If you're an outdoors enthusiast or weekend warrior, chances are you're a fan of Sport Chalet Inc. If you're an investor, well, that's another story.
Living up to its moniker, "the Experts," Sport Chalet staffs its stores with marathon runners, professional triathletes, experienced divers, snowboarders and skiers.
The goal is to present athletes with a top-notch shopping experience they won't get in big-box or discount retailers — or on Amazon.com, which has been swallowing up business from brick-and-mortar retailers for years.
Sport Chalet stores offer clinics by experts in many fields. Some have dive pools for scuba training.
"Our total focus is improving the performance of the athletes we come in contact with," said Craig Levra, Sport Chalet's chairman and chief executive. "We have experts that can explain the products. We teach you how to scuba dive. We can rent you snow gear, teach you to ski or snowboard.... So many retailers just put stuff out there [and hope it sells]."
It's a novel concept, but there's one problem: Sport Chalet hasn't posted an annual profit since 2007. Its stock traded as low as 68 cents a share last year.
The company was hammered by the Great Recession, which took a heavy toll in the West, where Sport Chalet outlets are located. Amid the biggest financial downturn in a generation, consumers slashed discretionary spending, letting their snowboards, bicycles, dive tanks and tennis rackets age a season or two longer than ordinary.
"We really took the hit very, very hard," Levra said. "It took us a while to recover."
Its stock is thinly traded, one reason why it's listed on the second-tier Nasdaq Global Market.
Sport Chalet has started equipping some of its sales staff with iPads, enabling them to show customers merchandise available at other stores or online, but not displayed at their store.
This is important at smaller stores, including the outlet it opened last year in the Figat7th shopping center in downtown Los Angeles.
That store's 27,000 square feet of space is much smaller than many of its other stores. So sales staff use iPads instead of display models, allowing the store to take advantage of limited space.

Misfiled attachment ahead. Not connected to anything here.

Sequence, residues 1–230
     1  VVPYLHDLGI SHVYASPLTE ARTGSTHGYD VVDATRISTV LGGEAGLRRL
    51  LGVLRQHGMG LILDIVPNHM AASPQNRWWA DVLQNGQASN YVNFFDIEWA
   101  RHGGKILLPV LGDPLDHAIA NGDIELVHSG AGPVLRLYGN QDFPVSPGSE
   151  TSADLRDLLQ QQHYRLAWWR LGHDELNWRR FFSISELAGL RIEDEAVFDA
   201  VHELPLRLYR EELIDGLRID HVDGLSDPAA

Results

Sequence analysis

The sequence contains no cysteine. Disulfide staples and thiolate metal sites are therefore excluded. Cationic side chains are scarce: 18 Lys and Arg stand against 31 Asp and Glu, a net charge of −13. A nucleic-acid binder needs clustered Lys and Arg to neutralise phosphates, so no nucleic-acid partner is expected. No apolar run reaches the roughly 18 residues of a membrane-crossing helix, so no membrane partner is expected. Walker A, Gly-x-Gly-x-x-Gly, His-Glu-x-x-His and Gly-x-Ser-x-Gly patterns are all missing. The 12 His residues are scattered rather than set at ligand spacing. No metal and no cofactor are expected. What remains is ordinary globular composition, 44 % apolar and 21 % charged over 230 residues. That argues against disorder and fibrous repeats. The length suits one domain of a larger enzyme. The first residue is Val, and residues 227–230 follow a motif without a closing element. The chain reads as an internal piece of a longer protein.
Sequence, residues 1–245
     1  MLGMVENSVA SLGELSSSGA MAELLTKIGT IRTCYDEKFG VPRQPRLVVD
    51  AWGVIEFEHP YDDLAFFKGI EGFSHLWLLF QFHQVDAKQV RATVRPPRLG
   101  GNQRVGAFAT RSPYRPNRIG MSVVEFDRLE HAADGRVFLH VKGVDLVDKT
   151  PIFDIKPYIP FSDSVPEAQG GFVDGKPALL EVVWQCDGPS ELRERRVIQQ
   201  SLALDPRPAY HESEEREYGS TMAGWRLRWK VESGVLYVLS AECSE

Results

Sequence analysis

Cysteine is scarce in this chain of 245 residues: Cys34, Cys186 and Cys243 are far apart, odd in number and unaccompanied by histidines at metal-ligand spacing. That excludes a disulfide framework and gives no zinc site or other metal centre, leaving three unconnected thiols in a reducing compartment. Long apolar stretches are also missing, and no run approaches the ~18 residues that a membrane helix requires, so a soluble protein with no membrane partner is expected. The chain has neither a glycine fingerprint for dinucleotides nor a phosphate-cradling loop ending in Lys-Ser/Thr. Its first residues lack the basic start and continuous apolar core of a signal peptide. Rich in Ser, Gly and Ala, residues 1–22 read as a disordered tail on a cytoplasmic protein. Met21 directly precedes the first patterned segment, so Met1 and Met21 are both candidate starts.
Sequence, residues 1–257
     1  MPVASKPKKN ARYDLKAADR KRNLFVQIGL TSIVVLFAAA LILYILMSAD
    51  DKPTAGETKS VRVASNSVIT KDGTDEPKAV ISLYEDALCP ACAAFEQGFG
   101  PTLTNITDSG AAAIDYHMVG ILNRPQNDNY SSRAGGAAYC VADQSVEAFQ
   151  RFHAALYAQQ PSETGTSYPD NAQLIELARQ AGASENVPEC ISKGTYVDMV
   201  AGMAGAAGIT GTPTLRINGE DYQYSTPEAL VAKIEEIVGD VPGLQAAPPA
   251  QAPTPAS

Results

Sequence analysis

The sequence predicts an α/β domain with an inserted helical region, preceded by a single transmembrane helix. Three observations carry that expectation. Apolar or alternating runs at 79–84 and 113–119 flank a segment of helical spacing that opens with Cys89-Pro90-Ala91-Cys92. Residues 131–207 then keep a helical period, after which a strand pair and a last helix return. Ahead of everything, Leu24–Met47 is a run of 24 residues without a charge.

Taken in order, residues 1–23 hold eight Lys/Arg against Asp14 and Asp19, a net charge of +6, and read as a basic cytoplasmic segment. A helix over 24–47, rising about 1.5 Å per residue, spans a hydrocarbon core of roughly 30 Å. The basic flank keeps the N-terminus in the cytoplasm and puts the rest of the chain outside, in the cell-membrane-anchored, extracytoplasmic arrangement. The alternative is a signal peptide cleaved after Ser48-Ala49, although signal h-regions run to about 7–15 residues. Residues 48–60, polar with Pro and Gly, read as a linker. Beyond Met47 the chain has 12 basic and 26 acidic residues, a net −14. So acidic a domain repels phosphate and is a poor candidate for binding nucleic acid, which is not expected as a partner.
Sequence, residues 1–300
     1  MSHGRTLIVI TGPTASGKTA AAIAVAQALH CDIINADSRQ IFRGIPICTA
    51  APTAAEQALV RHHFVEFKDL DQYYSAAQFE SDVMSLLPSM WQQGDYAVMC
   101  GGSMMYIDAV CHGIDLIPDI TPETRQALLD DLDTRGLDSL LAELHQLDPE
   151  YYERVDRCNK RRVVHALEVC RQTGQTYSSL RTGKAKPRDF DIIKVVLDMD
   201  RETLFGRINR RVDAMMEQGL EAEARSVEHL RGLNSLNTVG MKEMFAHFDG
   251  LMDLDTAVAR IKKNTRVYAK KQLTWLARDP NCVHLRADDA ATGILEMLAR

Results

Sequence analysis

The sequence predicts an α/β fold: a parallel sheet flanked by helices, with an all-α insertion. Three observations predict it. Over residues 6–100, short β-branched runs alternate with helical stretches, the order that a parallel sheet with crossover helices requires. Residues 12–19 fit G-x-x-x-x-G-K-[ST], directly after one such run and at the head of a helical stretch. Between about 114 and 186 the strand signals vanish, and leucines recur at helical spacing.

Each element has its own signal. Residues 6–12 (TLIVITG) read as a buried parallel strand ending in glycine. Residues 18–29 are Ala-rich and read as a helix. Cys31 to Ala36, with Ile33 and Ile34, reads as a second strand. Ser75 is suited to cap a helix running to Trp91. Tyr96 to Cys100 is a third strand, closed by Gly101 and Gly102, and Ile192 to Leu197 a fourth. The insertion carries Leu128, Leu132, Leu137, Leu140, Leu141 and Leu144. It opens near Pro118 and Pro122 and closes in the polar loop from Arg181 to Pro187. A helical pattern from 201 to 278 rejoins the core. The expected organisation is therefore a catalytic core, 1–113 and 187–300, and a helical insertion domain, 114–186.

Sport Chalet started in 1959 when founder Norbert Olberz and his wife, Irene, bought a small ski and tennis shop in La Flintridge. During the first year, the couple slept in the back of the shop, taking showers at night with a garden hose.
They transformed the company into a successful regional chain. Today, Sport Chalet operates 51 stores in California, Arizona, Nevada and Utah.
Today, there are signs the company could be turning things around.
Its fiscal third quarter, ended Dec. 29, was its most profitable quarter in seven years. The company reported net income of $1.5 million, compared with a net loss of $1.9 million a year earlier.
"The third quarter is a good illustration of steps we have taken to improve our store performance and reduce our cost structure," Levra said.
Despite its third-quarter profit, Sport Chalet is on pace to report an annual loss for the seventh consecutive year. The company said it had lost $4.4 million in the first nine months of its current fiscal year, more than four times the $1 million it lost in the same period of its 2013 fiscal year.
The company is on a cost-cutting mission, closing underperforming stores, renegotiating leases, even reducing the amount of money it spends on cash-register tape, Levra said.
He wouldn't say when the company would report an annual profit.
"We're taking all the right steps to get there, to be laser-focused on a better performance of our business," he said. "If you look at the progress we made in our third quarter, it's evident that a lot of what we're doing is working."
No analysts cover this company.
The company: Sport Chalet Inc.
Headquarters: La Cañada Flintridge
Ticker: SPCHA and SPCHB
Leadership: Craig Levra, chairman and chief executive
Fiscal 2013 revenue: $361 million
Fiscal 2013 net loss: $3.3 million
Stock price: As of Friday, $1.24 for Class A and $1.21 for Class B
52-week range: 68 cents to $2.44 for Class A; $1.06 to $2.24 for Class B
P/E ratio: Not applicableCopyright © 2014, Los Angeles Times